The Single Best Exercise You Can Do
Time for a little reality check, and a mental exercise (don’t worry, I will get to the physical stuff here in a second!) Imagine you can only do one exercise for the rest of your life. If you had to choose ONE single exercise to do for the rest of your life, right here and now, what would it be? It’s a popular question with a multitude of answers, depending on who’s being asked!
If you ask the AARP, it’s the plank, which is easy on the joints, involves every body part, strengthens the core which can help prevent falls, is very safe for seniors (the intended audience of AARP), and you can do them anywhere without equipment. I have no fault with the plank.
If you ask the NY Times to ask various experts, it’s the squat, or maybe the burpee, or maybe sprinting uphill. These are all exercises that stress the entire body, and can be performed with high intensity to elicit the highest possible training effect in the least amount of time. You could do a lot worse than squatting, doing burpees, or sprinting.
If you were to ask a group of sports physiologists, I imagine you’d hear “the low-bar back squat” because it supposedly elicits the greatest hormonal response, builds the often-neglected posterior chain strength (because most of us spend too much time sitting on it!), makes your entire body stronger, and simply “makes a man outta ya.”
If you ask power-lifting athletes, it’s the barbell thruster, a fairly simple to learn “two-in-one” exercise combining a squat with an overhead press.
If you ask trainers of Olympic athletes, such as Charles Poliquin, it’s the snatch grip deadlift done on a platform, which increases the range of motion over the regular deadlift and builds overall strength and size better than any other exercise he’s seen.
Those are good candidates. A person could get and stay very strong, fit, fast, and healthy doing any one of those exercises for perpetuity, even to the exclusion of all others. But a thruster isn’t the best exercise there is, hands down. Nor are squats (of any kind), deadlifts (of any kind), or planks. Sprints are cool, but they aren’t the best.
The single best exercise there is, hands down, is the one you’ll do.
I know, I know….let me pause here so you can get the eye-rolling, and scoffing out of the way. Go on, I know you’re thinking it. “The best exercise is the one you’ll stick with!” is a cheesy, cliche answer that you’ve heard a thousand times before.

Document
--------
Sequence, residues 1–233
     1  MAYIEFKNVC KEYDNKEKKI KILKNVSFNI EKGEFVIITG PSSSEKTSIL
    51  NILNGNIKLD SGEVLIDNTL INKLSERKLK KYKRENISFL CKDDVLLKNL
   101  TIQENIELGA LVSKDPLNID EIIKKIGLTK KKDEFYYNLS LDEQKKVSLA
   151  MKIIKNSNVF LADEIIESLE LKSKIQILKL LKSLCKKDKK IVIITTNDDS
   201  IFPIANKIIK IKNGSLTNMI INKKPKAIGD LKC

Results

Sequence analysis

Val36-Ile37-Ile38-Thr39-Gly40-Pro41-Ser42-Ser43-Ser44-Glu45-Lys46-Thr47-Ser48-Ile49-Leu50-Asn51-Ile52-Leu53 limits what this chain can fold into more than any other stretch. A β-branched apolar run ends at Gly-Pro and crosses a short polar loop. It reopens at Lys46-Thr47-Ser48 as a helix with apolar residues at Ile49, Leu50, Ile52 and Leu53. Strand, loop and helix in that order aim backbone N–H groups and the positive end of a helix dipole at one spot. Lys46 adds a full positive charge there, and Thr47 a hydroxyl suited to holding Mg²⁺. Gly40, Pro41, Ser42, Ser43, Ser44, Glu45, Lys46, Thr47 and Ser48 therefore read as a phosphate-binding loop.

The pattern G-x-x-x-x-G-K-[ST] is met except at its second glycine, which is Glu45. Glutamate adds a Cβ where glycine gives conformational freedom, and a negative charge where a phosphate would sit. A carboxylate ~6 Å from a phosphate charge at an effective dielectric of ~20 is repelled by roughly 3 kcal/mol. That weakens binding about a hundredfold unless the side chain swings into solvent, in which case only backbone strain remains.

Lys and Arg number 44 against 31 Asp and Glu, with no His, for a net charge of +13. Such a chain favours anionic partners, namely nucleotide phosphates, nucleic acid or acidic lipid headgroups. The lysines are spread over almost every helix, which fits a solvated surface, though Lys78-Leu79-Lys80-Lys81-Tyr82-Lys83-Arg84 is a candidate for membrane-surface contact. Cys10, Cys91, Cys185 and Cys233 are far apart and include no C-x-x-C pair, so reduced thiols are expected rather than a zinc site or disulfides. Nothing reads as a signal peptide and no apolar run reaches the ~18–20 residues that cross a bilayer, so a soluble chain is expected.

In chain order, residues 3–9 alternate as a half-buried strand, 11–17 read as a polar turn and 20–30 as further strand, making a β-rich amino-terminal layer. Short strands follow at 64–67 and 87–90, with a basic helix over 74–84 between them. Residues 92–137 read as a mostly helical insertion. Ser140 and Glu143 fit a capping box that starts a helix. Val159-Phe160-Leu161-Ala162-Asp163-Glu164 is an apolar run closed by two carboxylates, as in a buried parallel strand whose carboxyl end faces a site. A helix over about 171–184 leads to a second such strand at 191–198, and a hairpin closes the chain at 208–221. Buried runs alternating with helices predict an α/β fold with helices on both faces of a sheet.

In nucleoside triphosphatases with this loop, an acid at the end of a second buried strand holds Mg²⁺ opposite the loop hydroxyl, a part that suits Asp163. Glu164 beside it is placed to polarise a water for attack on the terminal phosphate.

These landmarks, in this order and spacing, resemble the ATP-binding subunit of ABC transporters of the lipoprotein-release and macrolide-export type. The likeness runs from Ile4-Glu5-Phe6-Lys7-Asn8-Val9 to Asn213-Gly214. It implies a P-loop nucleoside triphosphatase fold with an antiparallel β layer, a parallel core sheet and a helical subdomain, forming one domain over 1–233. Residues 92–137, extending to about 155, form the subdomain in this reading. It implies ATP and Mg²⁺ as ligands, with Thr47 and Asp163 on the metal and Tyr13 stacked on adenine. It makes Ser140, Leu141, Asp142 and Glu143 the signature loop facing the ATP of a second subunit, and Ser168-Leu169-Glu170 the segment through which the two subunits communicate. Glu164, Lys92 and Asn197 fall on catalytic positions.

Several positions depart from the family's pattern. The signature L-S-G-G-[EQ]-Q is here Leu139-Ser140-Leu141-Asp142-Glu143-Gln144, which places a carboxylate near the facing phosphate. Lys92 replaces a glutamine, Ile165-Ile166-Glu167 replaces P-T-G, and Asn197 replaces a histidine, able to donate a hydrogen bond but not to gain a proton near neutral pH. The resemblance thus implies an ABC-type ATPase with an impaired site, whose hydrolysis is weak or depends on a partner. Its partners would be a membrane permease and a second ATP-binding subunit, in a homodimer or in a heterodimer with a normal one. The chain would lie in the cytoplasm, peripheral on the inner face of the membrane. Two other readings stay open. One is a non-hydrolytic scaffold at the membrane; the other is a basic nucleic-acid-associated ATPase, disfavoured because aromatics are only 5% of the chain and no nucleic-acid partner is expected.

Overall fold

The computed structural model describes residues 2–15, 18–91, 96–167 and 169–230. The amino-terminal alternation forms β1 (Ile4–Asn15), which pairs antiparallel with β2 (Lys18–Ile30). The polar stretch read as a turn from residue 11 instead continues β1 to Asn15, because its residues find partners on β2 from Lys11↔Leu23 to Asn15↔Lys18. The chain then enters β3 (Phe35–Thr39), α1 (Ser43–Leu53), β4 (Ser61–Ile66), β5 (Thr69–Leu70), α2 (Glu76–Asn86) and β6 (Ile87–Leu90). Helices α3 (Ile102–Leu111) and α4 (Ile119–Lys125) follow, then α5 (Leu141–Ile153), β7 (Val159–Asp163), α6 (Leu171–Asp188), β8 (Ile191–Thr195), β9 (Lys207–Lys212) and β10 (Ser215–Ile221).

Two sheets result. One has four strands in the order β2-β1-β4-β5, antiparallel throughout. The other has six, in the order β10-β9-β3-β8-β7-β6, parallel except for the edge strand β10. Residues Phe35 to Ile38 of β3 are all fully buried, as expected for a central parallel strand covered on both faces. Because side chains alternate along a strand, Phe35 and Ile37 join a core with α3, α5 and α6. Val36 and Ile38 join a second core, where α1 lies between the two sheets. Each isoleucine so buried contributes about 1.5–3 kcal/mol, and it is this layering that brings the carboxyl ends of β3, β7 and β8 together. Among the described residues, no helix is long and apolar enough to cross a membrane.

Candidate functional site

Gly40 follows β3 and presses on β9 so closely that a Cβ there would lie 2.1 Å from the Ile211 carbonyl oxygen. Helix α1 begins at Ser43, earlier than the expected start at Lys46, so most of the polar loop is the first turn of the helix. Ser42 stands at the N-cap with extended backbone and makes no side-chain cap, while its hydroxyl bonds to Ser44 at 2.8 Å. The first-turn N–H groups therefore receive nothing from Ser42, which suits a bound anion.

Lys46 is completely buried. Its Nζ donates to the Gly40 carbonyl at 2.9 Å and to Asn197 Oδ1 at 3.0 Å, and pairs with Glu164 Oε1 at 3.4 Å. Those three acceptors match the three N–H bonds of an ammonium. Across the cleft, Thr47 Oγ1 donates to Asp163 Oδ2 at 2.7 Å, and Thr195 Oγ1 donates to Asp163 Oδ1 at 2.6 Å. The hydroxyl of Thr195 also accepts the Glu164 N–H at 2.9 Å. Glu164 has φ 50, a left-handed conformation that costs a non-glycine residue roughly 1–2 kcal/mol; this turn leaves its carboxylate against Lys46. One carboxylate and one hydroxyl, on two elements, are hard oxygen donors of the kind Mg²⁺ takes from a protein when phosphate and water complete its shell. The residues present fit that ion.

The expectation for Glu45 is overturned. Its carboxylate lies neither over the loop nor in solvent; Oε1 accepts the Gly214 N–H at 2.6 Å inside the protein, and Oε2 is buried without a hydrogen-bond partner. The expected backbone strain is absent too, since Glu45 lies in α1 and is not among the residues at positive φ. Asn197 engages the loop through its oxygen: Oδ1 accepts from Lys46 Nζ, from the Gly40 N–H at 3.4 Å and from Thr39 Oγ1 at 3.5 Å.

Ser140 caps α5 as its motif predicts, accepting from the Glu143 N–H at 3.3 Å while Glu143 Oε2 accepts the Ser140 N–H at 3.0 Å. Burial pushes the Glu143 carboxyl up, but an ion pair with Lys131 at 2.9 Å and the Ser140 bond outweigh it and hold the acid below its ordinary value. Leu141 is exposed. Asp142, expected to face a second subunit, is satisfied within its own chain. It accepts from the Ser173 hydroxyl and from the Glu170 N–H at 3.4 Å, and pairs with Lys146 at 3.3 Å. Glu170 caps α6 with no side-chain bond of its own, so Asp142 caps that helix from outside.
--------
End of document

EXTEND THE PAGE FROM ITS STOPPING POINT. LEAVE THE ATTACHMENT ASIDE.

But it’s true. By the most objective definition, the most effective exercise is the one you’ll do. It’s true: heavy squats are fantastic for strength, unless you don’t do them. Yes, sprinting makes you lean and fast, unless you’re not sprinting. The same is true for everything. It only works if you do it.
One reason is consistency. You don’t get stronger or fitter or leaner because of a single workout. You get stronger or fitter or leaner because of the cumulative effect of many, many workouts done on a consistent basis.
The key is figuring out which exercise you’ll actually do. And I don’t need scientific references for the notion that you’re more likely to do a physical activity that you actually enjoy doing. It’s a fundamental law of nature.
So…if you like going to the gym and throwing down some serious weight — do it! If you would rather go for a marathon Ultimate Frisbee game in the park — do it! If you want to try your hand at three sports at once and commit to a triathlon — then do it! If you’ve been eyeballing that ballroom dancing course, then sign up!
Change up your routine, get out and have fun with whatever it is — just get out and be active every day… get your exercise in with fun and play. If you don’t enjoy it, you’re not going to stick with it. And the BEST exercise you can do is simply the one you will stick with.
How are you going to exercise today? What sounds like fun? Get out there and do it — and with consistency, you will see the results you want to see!